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Old 11-11-2012, 03:12 PM
schferk schferk is online now
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Join Date: 11-02-2010
Posts: 151
quant, I perfectly understand your stance which had been mine for years - but in my case at least, it had been a more or less theoretical one, whilst on the other hand, I even pested (well, that was 2 or 3 years ago, not lately) in the outlinerforum against "flat" "mind-maps" - I thought, from a theoretical pov, that such graphic representations should, as much as possible, be faithful mimicries of what might be going on in your head, hence my being electrified by concept maps, the more complicated the better, and I tried, for a long time, to put a thing like TheBrain ("PersonalBrain" at the time) into effect for me.

In my case, this thinking was a dead-end, perhaps because I hadn't been able to MAINTAIN SCOPE of all that, but then, the majority of people can't get to this working for them - you own a doctorate in mathematics if I'm not mistaken, so I assume your natural capacity to maintain that scope even when its elements get rather numerous, is way beyond average, but for us "average people" (in this respect at least), a flattened-out thing like "mind-maps" seems to be of much better use, and that's not only my own experience, but that of any people whom I spoke to, and which had used "mind-maps": their character of "not too complicated", i.e. "not integrating it all" is seen as an advantage, whilst, as said, years before, I had been sure of the contrary, without delving into these advantages with real-life "mind-maps" of real interest to me though: just "playing around" with such maps isn't sufficient to become aware of their real value, it seems.

Hence my explanations in my post above: This "minor" graphical representation, which also forces you to cut off many aspects into adjacent maps, whilst your intuition - mine at least, at the time -, says, "more integration would be preferable", hence the attraction of 3D-representations, in realiter it seems to be the other way round, those "simplifying" 2D-representations, cut up, on top of that, into numerous separate parts, instead of trying to contain a max of elements, seem to do much better thinking-triggering work than the more complicated solutions, but which seem to over-complicate the task for the ordinary mind as well, and my post is about this phenomenon, this paradox; as said, brains that are interconnected in a superior way (and there is no irony here whatsoever) might function otherwise, with higher quality, not only with higher speed.

Btw, for years, I had used flowcharters (from Micrografx (from buggy version 3 that cost me a fortune at the time), and the unavoidable Visio (from 5 up to 2002), in order to avoid that "mind-map" "disadvantage" of being "nothing more but a graphical tree", when in fact, accepting this limitation of "mind-maps" full-heartedly, you quickly become aware that it's more idea-generating than flowcharts are: It seems there's also a "convergence effect" playing here, i.e. "multiple satellite thinking" around the "source" item AND around multiple "further down items" (when technically speaking, these ain't but children and grand-children of various degrees) - whilst in many flowcharts, there might work a "disparational / divergence effect" against you, as does in 3D's.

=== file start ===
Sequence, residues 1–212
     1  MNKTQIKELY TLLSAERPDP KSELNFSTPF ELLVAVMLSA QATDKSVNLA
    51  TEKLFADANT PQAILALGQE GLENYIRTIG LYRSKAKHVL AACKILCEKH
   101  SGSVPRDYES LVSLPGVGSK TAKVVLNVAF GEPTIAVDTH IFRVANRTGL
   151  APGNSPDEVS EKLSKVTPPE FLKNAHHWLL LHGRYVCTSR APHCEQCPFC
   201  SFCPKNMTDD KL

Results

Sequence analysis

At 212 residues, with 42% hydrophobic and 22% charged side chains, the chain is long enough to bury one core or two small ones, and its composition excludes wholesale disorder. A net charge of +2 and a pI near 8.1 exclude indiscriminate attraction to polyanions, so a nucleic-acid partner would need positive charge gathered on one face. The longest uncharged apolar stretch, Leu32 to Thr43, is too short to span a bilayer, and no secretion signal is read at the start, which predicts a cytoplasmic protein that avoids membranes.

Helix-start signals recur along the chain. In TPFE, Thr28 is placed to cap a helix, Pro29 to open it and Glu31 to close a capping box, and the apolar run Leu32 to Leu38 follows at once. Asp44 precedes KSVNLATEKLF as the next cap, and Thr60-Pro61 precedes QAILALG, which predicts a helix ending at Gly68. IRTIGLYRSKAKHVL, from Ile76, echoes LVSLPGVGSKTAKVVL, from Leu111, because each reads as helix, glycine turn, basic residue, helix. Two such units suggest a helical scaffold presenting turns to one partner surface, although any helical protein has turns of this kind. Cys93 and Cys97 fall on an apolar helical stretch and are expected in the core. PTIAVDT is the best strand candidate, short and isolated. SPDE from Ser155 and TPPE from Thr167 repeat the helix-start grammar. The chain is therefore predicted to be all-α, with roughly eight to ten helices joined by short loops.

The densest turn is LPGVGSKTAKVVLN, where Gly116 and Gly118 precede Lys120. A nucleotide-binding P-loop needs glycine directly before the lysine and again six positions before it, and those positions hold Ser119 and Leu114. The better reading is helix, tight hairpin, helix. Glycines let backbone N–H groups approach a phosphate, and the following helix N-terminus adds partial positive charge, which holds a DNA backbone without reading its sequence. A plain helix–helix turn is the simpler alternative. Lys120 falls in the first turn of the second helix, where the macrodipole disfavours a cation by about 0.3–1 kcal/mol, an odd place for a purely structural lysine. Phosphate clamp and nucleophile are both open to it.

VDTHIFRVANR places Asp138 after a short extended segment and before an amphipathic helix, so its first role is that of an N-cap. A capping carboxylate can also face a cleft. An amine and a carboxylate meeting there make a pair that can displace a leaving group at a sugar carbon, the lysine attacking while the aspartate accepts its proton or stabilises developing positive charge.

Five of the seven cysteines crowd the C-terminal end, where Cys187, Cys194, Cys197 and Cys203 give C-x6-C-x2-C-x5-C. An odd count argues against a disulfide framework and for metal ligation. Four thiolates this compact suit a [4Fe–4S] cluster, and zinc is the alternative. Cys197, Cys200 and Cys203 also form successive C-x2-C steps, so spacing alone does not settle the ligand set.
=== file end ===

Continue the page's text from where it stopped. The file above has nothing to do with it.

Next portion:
I know I'm presenting paradoxical stuff here, but that's what makes such musings fascinating. As said, my experience with "high-brow" solutions is rather negative, my experience with "low-brow" solutions like "mind-maps" is very positive, and so I'm correcting my former stance on these matters and I'm trying to explain these phenomena to myself and to others, to get new ideas by this, from fellow posters as from myself.

And again, it might be that people with an IQ of 130 or higher might be much more apt to process, and hence to profit from, 3D-representations than our brains working at about 120 speed; we all know that one of the more important elements of the IQ is the capacity to process more elements simultaneously; brains that are capable of processing e.g. 7 elements might not only function more quickly, but also in another quality range than minds that only process, let's say, 4 elements at the same time - so it's important to find the best ways to make even "standard" brains working better than they would without getting any such external help.

As for the missing integration with UR or other outliners, we have to live with it for the time being, and thus, don't try to synch manually, don't try to replicate content (which especially means, not even downwards), have your (e.g.) MM and your (e.g.) UR systems as COMPLIMENTARY systems: You'd get lost by trying to establish a sort of coherence.

But since UR allows for deep links, i.e. single items as external link targets, it could be interesting to do such deep links, within your (e.g.) MM maps, not only to pdf's or Excel tables or such, but also to details within such UR items.

Beware, though: The more you do within your maps, the less you do within "texts", the better your output will probably be, and this means, when in doubt, don't put a deep link to a UR item into your map, but add some other child items (or a child map) to your branch within the map itself.

(Edit for typos and such.)

Last edited by schferk; 11-11-2012 at 03:24 PM.
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